Welcome to CUPE 389

People depend on public services; services depend on people to deliver them. City workers touch every part of life: they fix roads, provide emergency care, test drinking water, connect us with library resources, run ice rinks, work at daycares, lead community workshops, and much more. We’re facing tough economic times, and that’s when we need affordable, reliable public services most.


April 28, 2016 Day of Mourning

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April 28, 2016 – National Day of Mourning




We pause every April 28 to remember workers killed and those who still suffer from a work-related injury or illness, their lives and livelihoods forever compromised.

But we can never pause our prevention efforts.

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 Day of Mourning Crying Moon Take time to remember:

·        Attend a Day of Mourning ceremony in your community.    Encourage others to attend an event Link

·        Draft a message for your organization’s publication or web site

·        Coordinate a Day of Mourning event in your workplace Link

·        Work with local media to promote and cover the Day’s significance and events

·        Convince employers and public institutions to among other things lower flags to half-mast

·        Share the stories of workers injured and killed on the job – ensure they are not forgotten

·        History of the Day of Mourning  Link

·        BCFED OH&S Centre DOM Poster Link

·        Day of Mourning in Schools Project Link


·        Day of Mourning OpEd (Canadian Labour Congress)

·        Day of Mourning Statement (Canadian Labour Congress)

·        Day of Mourning Talking Points (Canadian Labour Congress)


Every day of the year:

·        Educate others about health and safety rights, responsibilities and prevention measures

·        Insist on effective workplace prevention programs developed with full worker participation

·        Insist on training that supports the identification, assessment and control of workplace hazards

·        Encourage local media to report on health, safety and environmental issues

·        Press elected officials to support stronger regulations and better enforcement of existing laws

·        Create monuments to promote public awareness of workplace health and safety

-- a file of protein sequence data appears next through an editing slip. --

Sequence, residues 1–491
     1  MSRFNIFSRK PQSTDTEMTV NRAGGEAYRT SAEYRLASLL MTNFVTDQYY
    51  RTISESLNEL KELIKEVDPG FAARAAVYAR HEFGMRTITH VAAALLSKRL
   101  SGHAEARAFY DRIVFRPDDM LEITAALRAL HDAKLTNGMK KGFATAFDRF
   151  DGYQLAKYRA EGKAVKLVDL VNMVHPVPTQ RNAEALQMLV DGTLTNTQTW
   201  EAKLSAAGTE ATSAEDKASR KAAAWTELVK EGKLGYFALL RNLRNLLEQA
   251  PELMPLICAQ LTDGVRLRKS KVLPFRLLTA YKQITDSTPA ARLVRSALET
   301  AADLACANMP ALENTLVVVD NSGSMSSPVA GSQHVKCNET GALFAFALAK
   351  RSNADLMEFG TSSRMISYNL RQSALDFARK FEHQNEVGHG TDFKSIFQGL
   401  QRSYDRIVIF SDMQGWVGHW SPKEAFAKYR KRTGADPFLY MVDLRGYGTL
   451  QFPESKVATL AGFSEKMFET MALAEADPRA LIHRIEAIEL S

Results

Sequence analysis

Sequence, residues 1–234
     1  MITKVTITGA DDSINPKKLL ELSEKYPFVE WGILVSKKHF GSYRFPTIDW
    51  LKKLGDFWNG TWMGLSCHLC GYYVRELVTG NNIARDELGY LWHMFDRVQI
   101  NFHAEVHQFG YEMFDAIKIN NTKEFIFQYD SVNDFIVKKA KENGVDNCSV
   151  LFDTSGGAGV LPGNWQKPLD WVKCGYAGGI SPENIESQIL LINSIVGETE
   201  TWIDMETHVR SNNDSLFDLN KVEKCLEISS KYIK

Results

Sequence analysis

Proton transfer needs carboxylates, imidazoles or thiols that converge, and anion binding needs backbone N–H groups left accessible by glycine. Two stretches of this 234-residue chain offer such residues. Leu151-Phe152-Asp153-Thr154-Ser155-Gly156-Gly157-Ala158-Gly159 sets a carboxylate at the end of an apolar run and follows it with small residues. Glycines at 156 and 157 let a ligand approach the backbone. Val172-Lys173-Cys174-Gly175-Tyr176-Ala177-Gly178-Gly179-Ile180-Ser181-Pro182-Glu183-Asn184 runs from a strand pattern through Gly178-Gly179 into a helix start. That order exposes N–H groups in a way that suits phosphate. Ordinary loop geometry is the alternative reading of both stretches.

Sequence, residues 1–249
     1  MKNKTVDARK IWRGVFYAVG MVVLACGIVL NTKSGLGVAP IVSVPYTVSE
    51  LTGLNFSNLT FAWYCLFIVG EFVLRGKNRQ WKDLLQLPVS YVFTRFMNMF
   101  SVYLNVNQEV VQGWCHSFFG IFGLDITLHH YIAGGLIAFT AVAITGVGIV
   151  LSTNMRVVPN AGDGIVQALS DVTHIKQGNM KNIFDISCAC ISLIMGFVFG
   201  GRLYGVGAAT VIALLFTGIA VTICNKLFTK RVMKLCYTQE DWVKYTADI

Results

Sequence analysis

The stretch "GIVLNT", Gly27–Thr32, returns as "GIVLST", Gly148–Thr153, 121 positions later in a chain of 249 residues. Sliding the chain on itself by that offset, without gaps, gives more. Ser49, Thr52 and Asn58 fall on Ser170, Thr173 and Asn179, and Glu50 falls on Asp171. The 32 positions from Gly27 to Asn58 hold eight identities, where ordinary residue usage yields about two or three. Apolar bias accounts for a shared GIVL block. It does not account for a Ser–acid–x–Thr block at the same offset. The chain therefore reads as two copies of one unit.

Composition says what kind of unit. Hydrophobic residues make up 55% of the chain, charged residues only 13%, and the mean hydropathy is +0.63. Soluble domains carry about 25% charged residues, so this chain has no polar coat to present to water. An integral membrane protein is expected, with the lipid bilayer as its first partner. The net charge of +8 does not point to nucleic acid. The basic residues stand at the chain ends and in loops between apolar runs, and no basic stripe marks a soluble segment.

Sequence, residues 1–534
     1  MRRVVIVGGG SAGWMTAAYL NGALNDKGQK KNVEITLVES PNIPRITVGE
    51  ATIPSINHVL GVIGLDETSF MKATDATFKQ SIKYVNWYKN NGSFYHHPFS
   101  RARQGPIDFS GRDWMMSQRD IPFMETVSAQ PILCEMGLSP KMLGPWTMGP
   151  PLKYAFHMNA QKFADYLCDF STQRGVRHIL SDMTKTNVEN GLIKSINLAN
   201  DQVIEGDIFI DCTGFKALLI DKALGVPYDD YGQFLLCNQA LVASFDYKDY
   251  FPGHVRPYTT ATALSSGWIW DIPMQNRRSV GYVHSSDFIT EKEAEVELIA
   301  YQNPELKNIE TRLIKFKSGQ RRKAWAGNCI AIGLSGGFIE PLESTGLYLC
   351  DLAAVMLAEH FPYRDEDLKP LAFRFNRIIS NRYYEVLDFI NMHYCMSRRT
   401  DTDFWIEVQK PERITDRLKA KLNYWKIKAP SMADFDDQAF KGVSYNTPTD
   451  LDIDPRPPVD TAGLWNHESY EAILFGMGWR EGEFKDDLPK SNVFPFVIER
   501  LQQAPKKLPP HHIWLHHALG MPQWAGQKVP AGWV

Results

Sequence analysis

Make time for prevention:

·        Demand high quality training that promotes a hazard-based approach

·        Become a workplace health & safety representative

·        Identify and report workplace hazards



The BCFED Health & Safety Centre can help.  We take the time to ensure everyone gets the proper training – hazard-based, prevention-focused, worker-to-worker – where and when you need it.



North Vancouver Public Employees Society – Meeting Notice April 2016






Note: All Local 389 Members are automatically members of the Society


Monday, April 25, 2016


Immediately following the Membership Meeting of CUPE 389 AT 5:15 pm


Mountainside Secondary School

(In the South Meeting Room)

3365 Mahon Avenue

North Vancouver




  • Directors Elections if a Quorum is achieved.


                    Directors Elections:


                    President                                               2 Year Term

                    1st Vice President                                 1 Year Term

                    2nd Vice President                               1 Year Term

                    Recording Secretary                          1 Year Term

                    Secretary Treasurer                           1 Year Term

                    (2) Members-At-Large                       1 Year Terms


We look forward to your support and hope to see you at the meeting.


General Membership Meeting – April 25, 2015




Monday, April 25, 2016

AT 5:15 PM


Mountainside Secondary School

(In the South Meeting Room)

3365 Mahon Avenue

North Vancouver




  • Regular Business as per Article 10.3 of the Constitution and By-laws